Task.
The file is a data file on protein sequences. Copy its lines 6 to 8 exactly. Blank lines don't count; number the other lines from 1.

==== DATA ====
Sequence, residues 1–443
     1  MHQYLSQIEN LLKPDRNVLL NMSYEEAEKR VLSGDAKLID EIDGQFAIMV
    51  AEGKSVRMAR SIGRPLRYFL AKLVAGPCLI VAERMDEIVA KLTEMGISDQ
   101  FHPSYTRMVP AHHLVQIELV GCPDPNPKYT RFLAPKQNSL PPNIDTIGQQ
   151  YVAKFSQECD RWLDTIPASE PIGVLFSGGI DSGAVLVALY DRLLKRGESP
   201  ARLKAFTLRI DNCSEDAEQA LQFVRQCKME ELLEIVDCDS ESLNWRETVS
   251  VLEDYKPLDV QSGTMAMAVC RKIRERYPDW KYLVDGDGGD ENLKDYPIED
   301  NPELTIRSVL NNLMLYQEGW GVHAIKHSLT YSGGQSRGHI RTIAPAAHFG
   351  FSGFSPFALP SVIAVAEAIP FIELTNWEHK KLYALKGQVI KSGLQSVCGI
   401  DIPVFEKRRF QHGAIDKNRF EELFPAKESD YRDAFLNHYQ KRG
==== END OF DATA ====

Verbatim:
   201  ARLKAFTLRI DNCSEDAEQA LQFVRQCKME ELLEIVDCDS ESLNWRETVS
   251  VLEDYKPLDV QSGTMAMAVC RKIRERYPDW KYLVDGDGGD ENLKDYPIED
   301  NPELTIRSVL NNLMLYQEGW GVHAIKHSLT YSGGQSRGHI RTIAPAAHFG